• Channel „nature“: C:\skins\nature\
  • Channel „movies“: C:\skins\movies\

The general layout which is common for every channel resides directly in the Prototype directory, let’s say as Layout.skin . That way every Channel shares that layout. Inside this common layout file we find the static HTML code as well as the macros rendering the dynamic parts.

We put the channel specifc subnavigation in a file called Subnav.skin inside every directory as defined by the skinpath of the channel. So we end up with 3 different files:

  • C:\skins\sports\Channel\Subnav.skin
  • C:\skins\nature\Channel\Subnav.skin
  • C:\skins\movies\Channel\Subnav.skin

The render Macro

Since the subnavigation is a dynamic part we use the render macro (part of Helma’s core library) inside the Layout.skin.

<% channel.render "Subnav.skin" %>

The render macro is called in context of the Channel object which is in the URL. So it fetches that Prototype’s Subnav.skin contents and puts them where it is called (in the Layout.skin). Now the trick is to extend res.skinpath with the proper directory path for the currently displayed Channel. So at the beginning of the request (for example in the main_action) we add the Channel specific skinpath from the database to res.skinpath. Let’s assume we put the skinpath into the property Channel.extendSkinPath, then the code could look like:

res.skinpath = [this.extendSkinPath];

This pattern allows us to modularize parts of the general Layout into more specific skins.

The Network Navigation

The second requirement for the Website skin ist that the links in the network navigation are not hardcoded as HTML. This way a user can edit a channel (title, url) in the backend and the changes go online immediatly.

A natural approach would be to write a special helper macro which renders the network navigation. We try to avoid writing special macros whenever possible since it adds unnecessary complexity to the app and makes the skin harder to understand. In this case we can make use of Helma’s Deep Macro Invocation instead.

As explained earlier all channels are accessible via the property Root.channels. A feature of Helma is that inside a skin you can reference every object which is in the URL when the skin is rendered. As the Root object is always there we should be able to directly call the properties of a specific channel:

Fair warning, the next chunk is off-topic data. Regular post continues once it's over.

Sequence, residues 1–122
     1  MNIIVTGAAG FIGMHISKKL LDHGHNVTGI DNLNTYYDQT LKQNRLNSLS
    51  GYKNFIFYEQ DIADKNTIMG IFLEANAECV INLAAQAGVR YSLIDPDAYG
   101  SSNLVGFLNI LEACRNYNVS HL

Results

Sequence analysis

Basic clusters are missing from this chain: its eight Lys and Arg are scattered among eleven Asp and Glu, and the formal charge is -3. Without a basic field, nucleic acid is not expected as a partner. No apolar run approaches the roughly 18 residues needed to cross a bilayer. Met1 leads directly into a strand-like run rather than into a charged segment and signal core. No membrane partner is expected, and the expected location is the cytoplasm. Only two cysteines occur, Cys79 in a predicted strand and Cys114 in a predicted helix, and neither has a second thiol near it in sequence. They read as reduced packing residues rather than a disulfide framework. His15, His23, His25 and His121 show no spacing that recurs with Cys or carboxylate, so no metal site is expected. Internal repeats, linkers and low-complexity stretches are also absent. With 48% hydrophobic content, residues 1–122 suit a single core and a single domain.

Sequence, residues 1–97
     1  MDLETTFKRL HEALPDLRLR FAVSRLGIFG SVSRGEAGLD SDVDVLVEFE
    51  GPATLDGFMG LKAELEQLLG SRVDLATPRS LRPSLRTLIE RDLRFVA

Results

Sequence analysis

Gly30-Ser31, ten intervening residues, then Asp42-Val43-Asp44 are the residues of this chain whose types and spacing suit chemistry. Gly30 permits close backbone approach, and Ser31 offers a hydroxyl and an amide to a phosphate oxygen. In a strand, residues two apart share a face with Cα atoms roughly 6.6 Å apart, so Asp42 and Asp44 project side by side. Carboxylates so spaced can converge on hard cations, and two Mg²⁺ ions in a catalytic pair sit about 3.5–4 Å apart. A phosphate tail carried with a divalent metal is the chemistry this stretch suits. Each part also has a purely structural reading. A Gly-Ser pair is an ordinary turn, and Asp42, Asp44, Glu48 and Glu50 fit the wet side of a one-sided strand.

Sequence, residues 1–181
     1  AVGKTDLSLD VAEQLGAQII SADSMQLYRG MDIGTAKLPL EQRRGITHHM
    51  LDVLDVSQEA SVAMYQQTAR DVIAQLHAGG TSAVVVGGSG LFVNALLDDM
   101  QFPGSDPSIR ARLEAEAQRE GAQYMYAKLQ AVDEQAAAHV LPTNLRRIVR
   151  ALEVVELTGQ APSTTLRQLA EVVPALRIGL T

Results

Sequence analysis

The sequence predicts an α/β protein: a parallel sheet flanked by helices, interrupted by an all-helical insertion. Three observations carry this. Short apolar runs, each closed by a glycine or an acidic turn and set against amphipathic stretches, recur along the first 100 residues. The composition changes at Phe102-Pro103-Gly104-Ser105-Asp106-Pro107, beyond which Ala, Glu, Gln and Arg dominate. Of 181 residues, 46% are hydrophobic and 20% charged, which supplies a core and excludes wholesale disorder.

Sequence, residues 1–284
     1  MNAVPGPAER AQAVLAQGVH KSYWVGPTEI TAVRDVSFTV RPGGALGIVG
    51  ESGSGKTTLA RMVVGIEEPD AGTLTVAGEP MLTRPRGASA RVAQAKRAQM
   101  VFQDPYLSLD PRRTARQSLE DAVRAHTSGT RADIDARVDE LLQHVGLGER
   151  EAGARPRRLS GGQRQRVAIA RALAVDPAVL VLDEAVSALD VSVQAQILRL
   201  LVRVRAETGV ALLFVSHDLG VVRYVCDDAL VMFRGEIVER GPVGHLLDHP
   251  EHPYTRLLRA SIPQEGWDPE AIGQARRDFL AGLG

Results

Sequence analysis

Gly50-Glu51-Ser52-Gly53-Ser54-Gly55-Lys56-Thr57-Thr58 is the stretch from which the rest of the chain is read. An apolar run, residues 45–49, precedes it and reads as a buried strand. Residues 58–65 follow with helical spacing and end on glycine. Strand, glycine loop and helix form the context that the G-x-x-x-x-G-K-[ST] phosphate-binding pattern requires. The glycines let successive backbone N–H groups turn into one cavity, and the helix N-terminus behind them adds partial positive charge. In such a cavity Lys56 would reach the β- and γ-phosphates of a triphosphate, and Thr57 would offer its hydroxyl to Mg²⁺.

<% root.channels.sports.title %>

I wrote should since that does not work out of the box due to security considerations. In order to make it work you need to implement the function getMacroHandler on your own. Let’s enable the pattern for every Prototype and implement the function for HopObject (which every Prototype is derived from):

HopObject.prototype.getMacroHandler = function(name) {
   return this[name] || this.get(name);

Once this function is in place you can directly access properties, objects and macros from deep within your Application structure. Thus the name „Deep Macro Invocation“. But be aware of the security implications!

In Figure 3 the patterns used to implement the template in Helma are illustrated.

Figure 3: Template implemented with Helma patterns Figure 3: Template implemented using Helma patterns

Summing it up

The example I used is fairly common for a webdeveloper and can be implemented in many different ways. The advantage of using the patterns illustrated in this article are the minimal amount of code used, the good readability as well as the low maintaibility of the created skin. The template was modularized making use of res.skinpath in combination with the render macro. Data from outside the URL context was fetched using getMacroHandler .

Marius Lessiak,